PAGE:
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The Pelican 31 Friday, January 20, 2012 The NE Focal Point Alzheimers Day Care Center, located at 301 N.W. 2nd Avenue in Deer eld Beach, offers a weekly Caregivers Support Group every Wednesday from 10 a.m. to noon. MeetingsToastmasters The Gold Coast Toastmasters meet in the second and fourth Mondays of each month at Panera Bread, 1762 N. Federal Highway, Fort Lauderdale from 7 to 9 p.m. 954-895-3555.ServiceZonta International meets on the third Tuesday of the month at Duffys Diner, 401 N. Federal Hwy., Deer eld Beach at 11:15 a.m. Zonta International is a classi ed service organization of executives and professionals working together to advance the status of women locally and worldwide through service and advocacy. 561-392-2223. Senior Citizens The Greater Pompano Beach Senior Citizens Club meets on the second Wednesday of the month at the Emma Lou Olson Community Center on NE 6th Street, Pompano Beach at 10 a.m. Activities focus on the general welfare, health, education and security of senior citizens. We welcome people of all ages. HealthYoga A Yoga class is available for all levels at Hagen Park, 2020 Wilton Drive in Wilton Manors, on Tuesday nights from 6:30 to 8 p.m. and Saturday mornings from 10:30 a.m. until noon. The cost is $7. 305-607-3520.TheaterThe Producers The Tamarac Theatre of Performing will be showing The Producers until Jan. 29 at its theater, 7143 Pine Island Road. Tickets are $25. 954-726-7898.VolunteerHospice volunteers needed VITAS Innovative Hospice Care of Broward needs volunteers who can make friendly visits to terminally ill patients and their families, provide relief for caregivers, visit veterans and more. A two-day orientation is required. 954777-5396. Disaster relief Pompano Has Heart, a volunteer group that assists people impacted by disasters, meets monthly. Volunteers are needed to man tables at the City of Pompano Beach Health Fair on Wednesday and Aug. 10 and 11 from 9 a.m. to 3 p. SightingsContinued from page 30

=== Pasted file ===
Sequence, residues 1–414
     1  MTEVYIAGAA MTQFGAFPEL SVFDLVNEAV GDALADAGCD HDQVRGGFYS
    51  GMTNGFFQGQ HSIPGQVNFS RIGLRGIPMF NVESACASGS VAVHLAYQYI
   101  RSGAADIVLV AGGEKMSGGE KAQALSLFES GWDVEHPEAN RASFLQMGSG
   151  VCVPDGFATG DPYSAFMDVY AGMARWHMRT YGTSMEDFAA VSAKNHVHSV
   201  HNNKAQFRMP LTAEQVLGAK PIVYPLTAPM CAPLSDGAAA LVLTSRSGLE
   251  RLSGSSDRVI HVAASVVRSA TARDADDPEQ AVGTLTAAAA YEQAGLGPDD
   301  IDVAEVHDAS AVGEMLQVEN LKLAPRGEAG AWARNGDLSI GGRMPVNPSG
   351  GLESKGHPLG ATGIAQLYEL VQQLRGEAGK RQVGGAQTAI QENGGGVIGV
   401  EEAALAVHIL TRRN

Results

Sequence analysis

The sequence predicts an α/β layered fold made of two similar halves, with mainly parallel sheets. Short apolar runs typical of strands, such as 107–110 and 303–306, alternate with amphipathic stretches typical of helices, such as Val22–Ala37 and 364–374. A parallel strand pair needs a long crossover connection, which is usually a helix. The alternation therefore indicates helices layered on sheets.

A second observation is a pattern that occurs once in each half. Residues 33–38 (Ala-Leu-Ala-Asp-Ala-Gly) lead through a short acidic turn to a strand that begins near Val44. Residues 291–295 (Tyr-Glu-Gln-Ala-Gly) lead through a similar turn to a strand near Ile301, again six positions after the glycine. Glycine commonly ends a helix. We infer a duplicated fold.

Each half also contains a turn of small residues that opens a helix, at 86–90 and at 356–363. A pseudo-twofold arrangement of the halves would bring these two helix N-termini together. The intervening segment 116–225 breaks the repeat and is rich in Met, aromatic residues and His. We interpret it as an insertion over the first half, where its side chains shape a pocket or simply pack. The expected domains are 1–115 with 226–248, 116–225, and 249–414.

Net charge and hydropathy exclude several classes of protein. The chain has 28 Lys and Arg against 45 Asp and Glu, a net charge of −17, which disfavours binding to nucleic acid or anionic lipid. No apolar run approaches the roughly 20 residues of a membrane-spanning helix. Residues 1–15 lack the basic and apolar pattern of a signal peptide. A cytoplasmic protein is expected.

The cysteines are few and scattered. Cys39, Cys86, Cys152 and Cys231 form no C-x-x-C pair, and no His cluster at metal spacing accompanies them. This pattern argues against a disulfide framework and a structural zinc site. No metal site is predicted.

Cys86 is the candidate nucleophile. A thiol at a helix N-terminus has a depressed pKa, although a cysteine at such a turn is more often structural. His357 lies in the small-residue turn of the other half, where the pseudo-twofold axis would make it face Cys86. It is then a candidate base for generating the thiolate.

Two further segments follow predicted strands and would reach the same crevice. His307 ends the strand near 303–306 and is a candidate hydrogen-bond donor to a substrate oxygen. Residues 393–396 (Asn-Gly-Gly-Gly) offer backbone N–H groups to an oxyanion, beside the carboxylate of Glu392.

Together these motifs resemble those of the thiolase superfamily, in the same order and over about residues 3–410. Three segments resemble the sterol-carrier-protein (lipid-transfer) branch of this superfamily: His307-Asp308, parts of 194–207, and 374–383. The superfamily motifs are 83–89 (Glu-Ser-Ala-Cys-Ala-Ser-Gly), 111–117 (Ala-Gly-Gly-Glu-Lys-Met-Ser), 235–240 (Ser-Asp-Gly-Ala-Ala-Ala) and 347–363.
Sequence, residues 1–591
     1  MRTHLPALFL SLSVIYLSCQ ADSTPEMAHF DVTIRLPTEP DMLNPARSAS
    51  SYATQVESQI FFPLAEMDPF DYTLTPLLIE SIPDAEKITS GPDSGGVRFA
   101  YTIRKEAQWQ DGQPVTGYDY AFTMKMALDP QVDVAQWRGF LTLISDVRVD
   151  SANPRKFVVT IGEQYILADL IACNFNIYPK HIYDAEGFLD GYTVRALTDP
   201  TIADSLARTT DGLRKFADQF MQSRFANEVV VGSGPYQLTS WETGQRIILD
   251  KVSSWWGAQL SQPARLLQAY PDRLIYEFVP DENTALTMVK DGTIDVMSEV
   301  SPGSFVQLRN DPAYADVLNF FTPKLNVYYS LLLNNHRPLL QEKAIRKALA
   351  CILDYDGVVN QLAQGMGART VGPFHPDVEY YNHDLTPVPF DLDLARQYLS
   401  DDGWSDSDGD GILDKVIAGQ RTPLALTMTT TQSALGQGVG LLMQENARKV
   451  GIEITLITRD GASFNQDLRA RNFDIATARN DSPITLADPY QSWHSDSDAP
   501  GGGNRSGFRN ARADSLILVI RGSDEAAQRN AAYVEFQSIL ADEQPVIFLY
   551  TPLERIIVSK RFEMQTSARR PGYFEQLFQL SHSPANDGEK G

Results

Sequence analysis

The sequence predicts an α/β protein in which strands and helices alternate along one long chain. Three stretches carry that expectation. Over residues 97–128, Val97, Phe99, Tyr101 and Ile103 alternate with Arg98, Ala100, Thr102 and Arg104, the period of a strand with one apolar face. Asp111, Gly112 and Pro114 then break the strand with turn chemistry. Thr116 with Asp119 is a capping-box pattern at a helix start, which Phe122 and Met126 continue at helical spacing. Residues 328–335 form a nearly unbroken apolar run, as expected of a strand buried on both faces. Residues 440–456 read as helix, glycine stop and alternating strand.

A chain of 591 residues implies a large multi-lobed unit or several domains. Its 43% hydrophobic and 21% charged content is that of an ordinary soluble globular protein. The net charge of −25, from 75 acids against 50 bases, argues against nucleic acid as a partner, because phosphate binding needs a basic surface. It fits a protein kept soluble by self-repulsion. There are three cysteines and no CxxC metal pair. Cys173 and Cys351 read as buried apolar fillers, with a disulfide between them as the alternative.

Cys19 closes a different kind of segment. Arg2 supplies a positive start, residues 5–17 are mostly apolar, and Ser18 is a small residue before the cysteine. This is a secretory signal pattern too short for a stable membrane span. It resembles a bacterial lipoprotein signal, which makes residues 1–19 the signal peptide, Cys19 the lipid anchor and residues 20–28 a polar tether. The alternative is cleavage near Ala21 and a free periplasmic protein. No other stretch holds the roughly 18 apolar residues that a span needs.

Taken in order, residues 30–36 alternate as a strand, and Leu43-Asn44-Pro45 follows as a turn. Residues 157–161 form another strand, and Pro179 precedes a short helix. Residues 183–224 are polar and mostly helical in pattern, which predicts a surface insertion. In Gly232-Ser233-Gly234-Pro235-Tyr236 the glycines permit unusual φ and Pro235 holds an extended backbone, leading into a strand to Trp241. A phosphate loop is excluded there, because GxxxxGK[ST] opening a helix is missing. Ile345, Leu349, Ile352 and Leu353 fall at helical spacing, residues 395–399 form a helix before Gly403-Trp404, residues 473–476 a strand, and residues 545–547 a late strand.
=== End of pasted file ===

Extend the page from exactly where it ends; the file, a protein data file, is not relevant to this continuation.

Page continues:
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32 The Pelican Friday, January 20, 2012 Theirs is not only a partnership in business but a partnership in life, as well. They are the Doctors Hecker Melanie and David a married couple who operate Hecker Dermatology Group in Pompano Beach. Not all couples would choose to spend so much time together, but the Heckers enjoy it and say its an advantage in their medical practice. Theres no challenge in working together, says Melanie. Im working with someone I trust. David says they want the practice to succeed, so were on the same page. These doctors love what they do. The beauty of dermatology is that we do everything, explains Melanie. We see men, women and children, and the situation in each examination room is different. The doctors may remove a skin cancer from one patient and perform a cosmetic procedure on the next. The variety makes for an interesting day, Melanie says. Besides taking much satisfaction in helping people, the Hecker doctors like the size and personal nature of their practice, which is at 3500 NE 5 Ave., just off Sample Road near Dixie Highway, in Pompano Beach. They call it a mom and pop or boutique operation. The doctors entered careers in dermatology from different directions. As a teenager growing up in Hollywood, Florida, David was impressed by his dermatologist, who became a role model and mentor. He decided then to pursue such a medical career himself. During his medical residency at Mount Sinai Hospital in New York City, David trained with an internationally recognized expert on psoriasis, and he developed a special interest in that disease. He did research and published professional papers on the subject. He is excited about a big revolution in the treatment of psoriasis a new class of medication called biologics. Psoriasis is a chronic disease, he explains. There is no cure. Patients must stay on the drug forever, but their skin is clear. Weve never gotten someone clear before, he says. This is exciting because I can help people in a way that I never could before. Melanies path to health care is probably not surprisrst practicing in Boca Raton. He still sees patients part-time in Boynton Beach. But it was always their hope to practice together, and he joined Melanie in Pompano Beach a couple of years ago. Despite their busy medical practice and the demands of parenting three children, the Doctors Hecker make time for community service. They have participated in numerous free cancer screening events sponsored by various community groups, distributing information, providing advice and screening hundreds of people for signs of cancer. They are quick to stress the importance of these screening events. Routine body checks can prevent you from having cancer down the road, Melanie says. Its important because one person in the U.S. dies every hour from melanoma, one of the fastest growing cancers in the U.S. She explains that 80 percent of the damage to your skin is done before you are 18 years old, so its important to educate children. Thats why we like to see families, she adds. The realities and economics of practicing medicine today result in many dermatologists joining larger group practices. But the Heckers plan to stay right where they are to continue their mom and pop approach to serving patients for just as long as they can. Hecker Dermatology Group, 3500 NE 5th Avenue, Pompano Beach 954-783-2323Pompano Beach dermatologists share life and work togethering, considering that her father and three brothers are medical doctors. But she did not take a direct route to her medical practice. After earning an MBA in nance, she began a career on Wall Street. While she enjoyed Wall Street, it wasnt as satisfying as shed like, so she headed for medical school and a career based on helping people directly. Her education led her to research dermatology at Weill Cornell Medical Center in New York City at the same time David was studying there. They met while making rounds at the hospital. The rest, as they say, is history a meeting that led to marriage, three children, a medical practice together in Pompano Beach and a home in Lighthouse Point. They began their medical careers in 1999 with David Together Husband and wife physicians in Pompano Beach, Drs. Melanie and David Hecker. Pompano Beach Hecker Dermatology Group, focuses on diseases of the skin and cosmetic procedures.